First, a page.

Mamlok, Ursula, German-born American composer and teacher; b. Berlin, Feb. 1, 1928. She studied piano and composition in childhood in Berlin. After her family went to Ecuador, she continued her training there and then emigrated to the U.S., settling in N.Y. in 1941. In 1945 she became a naturalized American citizen. She studied with Szell at the Mannes Coll. of Music (1942–46) and with Giannini at the Manhattan School of Music (M.M., 1958); also took instruction from Wolpe, Sessions, Steuermann, and Shapey. She taught at N.Y.U. (1967–76), the Manhattan School of Music (from 1968), and Kingsborough Community Coll. (1972–75). She received grants from the NBA in 1974, the American Academy and Inst. of Arts and Letters in 1981 and 1989, and the Martha Baird Rockefeller Foundation in 1982. In 1988 she received a Koussevitzky Foundation commission. In 1989 she received the Walter Hinrichsen Award of the American Academy and Inst. of Arts and Letters. In 1995 she held a Guggenheim fellowship. Her works reveal a fine craftsmanship, lyricism, and wit; in a number of her works she utilizes serial techniques.
orch.:Concerto for Strings (1950); Grasshoppers: 6 Humoresques (1957); Oboe Concerto (1974; also for Oboe, 2 Pianos, and Percussion); Concertino for Wind Quintet, 2 Percussion, and Strings (1987); Constellations (1993; San Francisco, Feb. 9, 1994). chamber:Wind Quintet (1956); Sonatina for 2 Clarinets (1957); Variations for Flute (1961); Designs for Violin and Piano (1962); 2 string quartets (1962; 1996–97); Composition for Cello or Viola (1962); Concert Piece for 4 for Flute, Oboe, Percussion, and Viola (1964); Music for Viola and Harp (1965); Capriccios for Oboe and Piano (1968); Polyphony for Clarinet (1968); Variations and Interludes for Percussion Quartet (1971); Sextet for Flute, Violin, Clarinet, Bass Clarinet, Double Bass, and Piano (1978); Festive Sounds for Wind Quintet (1978); When Summer Sang for Flute, Clarinet, Piano, Violin, and Cello (1980); Panta Rhei for Piano, Violin, and Cello (1981); From My Garden for Violin or Viola (1983); Fantasie Variations for Cello (1983); Alariana for Recorder or Flute, Clarinet, Bassoon, Violin, and Cello (1985); 3 Bagatelles for Harpsichord (1987); Bagatelles for Clarinet, Violin, and Cello (1988); Rhapsody, trio for Clarinet, Viola, and Piano (1989); Violin Sonata (1989); Girasol, sextet for Flute, Clarinet, Violin, Viola, Cello, and Piano (1990); Music for Stony Brook for Flute, Violin, and Cello (1990); 5 Intermezzi for Guitar (1991); Polarities for Flute, Violin, Cello, and Piano (1995). piano:Various didactic pieces, including 6 Recital Pieces for Children (1983) and 4 Recital Pieces for Young Pianists (1983). vocal:Daybreak for Soprano or Mezzo-soprano and Piano (1948); 4 German Songs for Soprano or Mezzo-soprano and Piano (1957); Stray Birds for Soprano, Flute, and Cello (1963); Haiku Settings for Soprano and Flute (1967); Der Andreas Garten for Mezzo-soprano, Flute, Alto Flute, and Harp (1987). tape:Sonar Trajectory (1966).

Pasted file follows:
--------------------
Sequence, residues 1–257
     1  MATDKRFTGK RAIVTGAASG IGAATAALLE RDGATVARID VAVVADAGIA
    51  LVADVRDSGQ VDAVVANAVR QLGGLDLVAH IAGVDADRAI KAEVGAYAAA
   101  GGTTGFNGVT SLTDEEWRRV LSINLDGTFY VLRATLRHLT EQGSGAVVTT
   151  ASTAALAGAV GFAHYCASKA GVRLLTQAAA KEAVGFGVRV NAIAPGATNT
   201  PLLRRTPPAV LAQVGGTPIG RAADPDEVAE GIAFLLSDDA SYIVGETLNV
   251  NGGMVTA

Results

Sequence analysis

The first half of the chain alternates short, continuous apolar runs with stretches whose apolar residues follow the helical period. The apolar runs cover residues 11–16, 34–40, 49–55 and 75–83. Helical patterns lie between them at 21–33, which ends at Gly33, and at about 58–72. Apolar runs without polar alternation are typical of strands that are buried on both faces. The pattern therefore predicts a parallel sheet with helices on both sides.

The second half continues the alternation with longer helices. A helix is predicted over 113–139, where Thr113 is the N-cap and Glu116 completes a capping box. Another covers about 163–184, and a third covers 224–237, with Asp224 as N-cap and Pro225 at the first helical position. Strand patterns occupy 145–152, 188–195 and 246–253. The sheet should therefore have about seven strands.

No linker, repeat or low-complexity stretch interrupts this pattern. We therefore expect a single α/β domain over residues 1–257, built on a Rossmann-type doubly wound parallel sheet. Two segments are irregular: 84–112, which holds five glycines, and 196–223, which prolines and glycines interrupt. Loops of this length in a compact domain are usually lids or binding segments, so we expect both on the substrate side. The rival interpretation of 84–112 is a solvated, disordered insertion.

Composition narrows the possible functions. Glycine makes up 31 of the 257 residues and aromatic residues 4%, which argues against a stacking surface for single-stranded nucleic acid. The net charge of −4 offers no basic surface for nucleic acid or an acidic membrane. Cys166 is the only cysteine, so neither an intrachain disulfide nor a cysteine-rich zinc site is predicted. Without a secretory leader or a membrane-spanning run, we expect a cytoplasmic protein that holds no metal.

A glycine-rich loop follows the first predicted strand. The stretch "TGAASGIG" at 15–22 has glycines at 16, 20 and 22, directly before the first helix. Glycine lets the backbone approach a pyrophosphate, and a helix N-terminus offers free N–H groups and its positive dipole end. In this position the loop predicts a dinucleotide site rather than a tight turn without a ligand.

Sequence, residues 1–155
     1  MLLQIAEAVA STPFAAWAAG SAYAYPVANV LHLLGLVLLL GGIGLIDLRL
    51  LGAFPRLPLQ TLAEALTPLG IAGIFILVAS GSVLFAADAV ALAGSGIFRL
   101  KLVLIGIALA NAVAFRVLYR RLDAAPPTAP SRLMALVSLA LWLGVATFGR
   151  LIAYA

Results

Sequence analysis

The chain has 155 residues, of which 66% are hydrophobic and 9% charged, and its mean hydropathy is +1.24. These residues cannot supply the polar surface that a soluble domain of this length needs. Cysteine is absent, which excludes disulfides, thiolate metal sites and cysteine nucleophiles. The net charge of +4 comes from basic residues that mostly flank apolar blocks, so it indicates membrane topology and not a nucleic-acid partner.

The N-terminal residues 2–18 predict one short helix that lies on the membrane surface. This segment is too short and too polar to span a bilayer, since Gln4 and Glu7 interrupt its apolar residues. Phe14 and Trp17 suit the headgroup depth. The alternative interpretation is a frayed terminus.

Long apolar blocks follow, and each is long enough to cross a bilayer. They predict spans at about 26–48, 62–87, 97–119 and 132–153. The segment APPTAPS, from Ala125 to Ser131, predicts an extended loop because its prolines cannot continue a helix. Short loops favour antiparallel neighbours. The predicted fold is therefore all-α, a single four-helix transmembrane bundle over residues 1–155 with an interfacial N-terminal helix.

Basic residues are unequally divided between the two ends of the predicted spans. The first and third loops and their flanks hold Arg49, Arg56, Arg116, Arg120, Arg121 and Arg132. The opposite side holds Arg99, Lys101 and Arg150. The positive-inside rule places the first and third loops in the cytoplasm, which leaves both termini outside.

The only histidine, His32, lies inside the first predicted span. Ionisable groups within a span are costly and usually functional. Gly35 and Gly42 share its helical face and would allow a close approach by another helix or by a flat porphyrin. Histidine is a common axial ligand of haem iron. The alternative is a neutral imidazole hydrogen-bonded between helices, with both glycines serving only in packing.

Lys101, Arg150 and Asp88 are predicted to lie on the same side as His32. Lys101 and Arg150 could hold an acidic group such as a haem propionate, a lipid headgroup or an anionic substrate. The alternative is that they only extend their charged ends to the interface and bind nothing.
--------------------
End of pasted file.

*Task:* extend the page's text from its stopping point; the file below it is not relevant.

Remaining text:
—Nicolas Slonimsky/Laura Kuhn/Dennis McIntire
"Mamlok, Ursula." Baker’s Biographical Dictionary of Musicians. . Encyclopedia.com. (January 24, 2019). https://www.encyclopedia.com/arts/dictionaries-thesauruses-pictures-and-press-releases/mamlok-ursula
"Mamlok, Ursula." Baker’s Biographical Dictionary of Musicians. . Retrieved January 24, 2019 from Encyclopedia.com: https://www.encyclopedia.com/arts/dictionaries-thesauruses-pictures-and-press-releases/mamlok-ursula
Encyclopedia.com gives you the ability to cite reference entries and articles according to common styles from the Modern Language Association (MLA), The Chicago Manual of Style, and the American Psychological Association (APA).
Within the “Cite this article” tool, pick a style to see how all available information looks when formatted according to that style. Then, copy and paste the text into your bibliography or works cited list.
Because each style has its own formatting nuances that evolve over time and not all information is available for every reference entry or article, Encyclopedia.com cannot guarantee each citation it generates. Therefore, it’s best to use Encyclopedia.com citations as a starting point before checking the style against your school or publication’s requirements and the most-recent information available at these sites:
Modern Language Association
The Chicago Manual of Style
American Psychological Association
- Most online reference entries and articles do not have page numbers. Therefore, that information is unavailable for most Encyclopedia.com content. However, the date of retrieval is often important. Refer to each style’s convention regarding the best way to format page numbers and retrieval dates.
- In addition to the MLA, Chicago, and APA styles, your school, university, publication, or institution may have its own requirements for citations. Therefore, be sure to refer to those guidelines when editing your bibliography or works cited list.